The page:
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View of Cairo, Egypt
View of Cairo, Egypt
Photo by Raghad Genina

My Experience Living with Immigrant Guilt

The opinions expressed in this article are the writer’s own and do not reflect the views of Her Campus.
This article is written by a student writer from the Her Campus at Toronto MU chapter.

For as long as I can remember, my parents have always prioritized my siblings and me above themselves. When we immigrated to Canada in 2012, it was for a better life and education. Growing up, I have always felt the need to over-achieve to make them proud, as I never wanted to leave them disappointed.

I mean, we came to Canada for a better life, so who am I if I don’t take advantage of that life and make them proud, right

During each of my accomplishments and every grade I received, they have always been on the back of my mind. What kind of daughter would I be if I let them down? And when I fail, the guilt consumes me until I spiral.

The catch is my parents have never forced me to feel guilty. When I was younger, of course, I felt the pressure from my parents to do well, but towards the end of high school, they started caring less and less, giving me full independence. This partly has to do with the reason why the guilt consumes me; when I feel like I’ve failed, I feel the need to overcompensate for their disappointment or lack thereof.

When I feel like I’ve let them down, I go down this rabbit hole of guilt. I don’t feel disappointed in my failure, but rather, I feel disappointed in myself for letting my parents down, even if they aren’t.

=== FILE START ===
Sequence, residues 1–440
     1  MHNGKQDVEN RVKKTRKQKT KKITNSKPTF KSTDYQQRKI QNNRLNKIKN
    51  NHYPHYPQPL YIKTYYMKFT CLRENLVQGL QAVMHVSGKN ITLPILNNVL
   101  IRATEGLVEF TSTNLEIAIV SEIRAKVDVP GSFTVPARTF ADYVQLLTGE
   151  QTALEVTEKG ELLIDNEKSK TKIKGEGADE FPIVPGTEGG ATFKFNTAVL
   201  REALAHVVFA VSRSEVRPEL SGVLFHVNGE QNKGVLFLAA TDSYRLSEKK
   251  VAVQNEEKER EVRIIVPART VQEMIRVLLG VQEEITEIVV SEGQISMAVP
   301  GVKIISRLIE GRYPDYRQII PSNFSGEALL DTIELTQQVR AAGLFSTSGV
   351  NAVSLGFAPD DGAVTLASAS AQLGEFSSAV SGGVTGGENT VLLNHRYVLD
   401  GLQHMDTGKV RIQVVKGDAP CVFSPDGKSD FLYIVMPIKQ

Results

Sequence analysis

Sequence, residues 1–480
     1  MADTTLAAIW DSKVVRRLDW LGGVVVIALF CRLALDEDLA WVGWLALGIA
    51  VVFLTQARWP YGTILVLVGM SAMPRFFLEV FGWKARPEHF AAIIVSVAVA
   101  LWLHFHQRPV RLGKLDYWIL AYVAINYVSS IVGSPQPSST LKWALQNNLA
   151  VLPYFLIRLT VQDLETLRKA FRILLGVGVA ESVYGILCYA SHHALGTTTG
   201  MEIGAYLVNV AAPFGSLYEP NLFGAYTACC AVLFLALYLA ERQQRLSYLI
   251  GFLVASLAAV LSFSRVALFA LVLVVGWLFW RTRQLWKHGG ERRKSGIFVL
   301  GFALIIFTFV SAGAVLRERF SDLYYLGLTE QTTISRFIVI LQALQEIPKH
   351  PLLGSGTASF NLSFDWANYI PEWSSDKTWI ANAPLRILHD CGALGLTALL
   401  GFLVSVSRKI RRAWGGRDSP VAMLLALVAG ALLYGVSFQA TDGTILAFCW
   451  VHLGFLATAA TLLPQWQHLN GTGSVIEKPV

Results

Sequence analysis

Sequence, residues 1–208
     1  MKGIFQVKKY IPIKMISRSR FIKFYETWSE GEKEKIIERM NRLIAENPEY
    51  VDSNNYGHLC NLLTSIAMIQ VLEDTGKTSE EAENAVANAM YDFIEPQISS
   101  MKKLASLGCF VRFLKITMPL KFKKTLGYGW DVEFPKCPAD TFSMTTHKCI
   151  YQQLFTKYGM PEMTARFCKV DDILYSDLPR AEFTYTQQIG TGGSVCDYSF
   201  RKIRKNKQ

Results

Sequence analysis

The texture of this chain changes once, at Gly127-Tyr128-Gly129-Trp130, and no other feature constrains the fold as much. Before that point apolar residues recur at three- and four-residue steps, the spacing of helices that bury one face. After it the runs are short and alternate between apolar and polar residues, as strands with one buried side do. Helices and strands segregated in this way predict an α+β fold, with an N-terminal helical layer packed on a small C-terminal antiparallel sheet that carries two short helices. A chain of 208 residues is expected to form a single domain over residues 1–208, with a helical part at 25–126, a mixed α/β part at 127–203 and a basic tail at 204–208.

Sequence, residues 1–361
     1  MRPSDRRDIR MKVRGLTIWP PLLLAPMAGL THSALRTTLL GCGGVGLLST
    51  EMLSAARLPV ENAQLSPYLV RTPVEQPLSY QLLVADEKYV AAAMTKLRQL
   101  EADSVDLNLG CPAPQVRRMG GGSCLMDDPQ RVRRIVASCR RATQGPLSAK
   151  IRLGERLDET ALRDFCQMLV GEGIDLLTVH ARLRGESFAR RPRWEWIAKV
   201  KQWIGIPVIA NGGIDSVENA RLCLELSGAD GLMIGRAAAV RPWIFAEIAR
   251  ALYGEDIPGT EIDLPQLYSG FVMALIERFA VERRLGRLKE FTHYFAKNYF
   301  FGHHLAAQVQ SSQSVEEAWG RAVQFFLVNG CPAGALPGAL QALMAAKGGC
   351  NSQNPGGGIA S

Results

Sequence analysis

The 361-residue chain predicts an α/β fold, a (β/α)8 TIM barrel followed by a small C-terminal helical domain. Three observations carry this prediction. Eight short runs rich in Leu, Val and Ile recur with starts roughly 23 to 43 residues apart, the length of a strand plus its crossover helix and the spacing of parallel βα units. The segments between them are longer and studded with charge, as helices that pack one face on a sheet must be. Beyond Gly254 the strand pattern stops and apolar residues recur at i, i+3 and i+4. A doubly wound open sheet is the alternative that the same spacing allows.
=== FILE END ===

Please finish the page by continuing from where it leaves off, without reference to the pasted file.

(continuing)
When I go to my classes every day, it’s not about being a good student but more about being a good daughter. Something as simple as missing a class makes me feel guilty. When I get a good grade, I feel proud of myself for a day, but when I get a bad grade, the guilt consumes me for weeks.

It may sound dramatic to people who grew up in this country or without immigrant parents, but this feeling of guilt is very real among immigrants and children of immigrants alike. It almost feels like a debt I need to pay that’s always weighing down on my shoulders. I refuse to let my parents’ sacrifices go to waste, but at what cost? If it’s the cost of my own happiness, is it worth it? 

The thing about this type of guilt is that it forces you to feel small and irrelevant. It makes us feel like our needs aren’t important, and it manifests itself in every aspect of our lives. It affects my personal life and my friendships, and somewhere along the way, it has turned into this anxiety that I struggle with. An issue I often find myself in is the feeling of guilt when good things come my way; I feel as though I don’t deserve it when good things happen to me. 

At what point does this feeling end? I find myself asking this question very often. Will I have to deal with it for the rest of my life? Will I always feel the need to overachieve in everything, or will there be a point in my life where I learn just to be and enjoy my life without feeling guilty for enjoying it? No one is forcing me to feel this way, but it’s an issue that I need to face. 

I am well aware this mindset isn’t healthy, and I can’t go on living like this for the rest of my life. Slowly but surely, I have been trying to unlearn this mindset. From learning to enjoy the little things in life to learning to prioritize myself and taking a break when I want to, I am starting to learn new habits that will help me in the long run. 

There is nothing wrong with resting, and there is no need to prove myself to anyone. Instead of feeling guilty, I am learning to use that energy elsewhere, and until I have unlearned this mindset, I will use that guilt to fuel me and keep me motivated until, somewhere along the way, I learn to let it go.

Raghad Genina

Toronto MU '26

Hello! My name is Raghad and I am a journalism student at Toronto Metropolitan University. My deep-rooted passion for journalism is a testament to my commitment to the truth and giving a voice to the voiceless. When I'm not doing my uni work I'm either scrolling on tiktok or writing!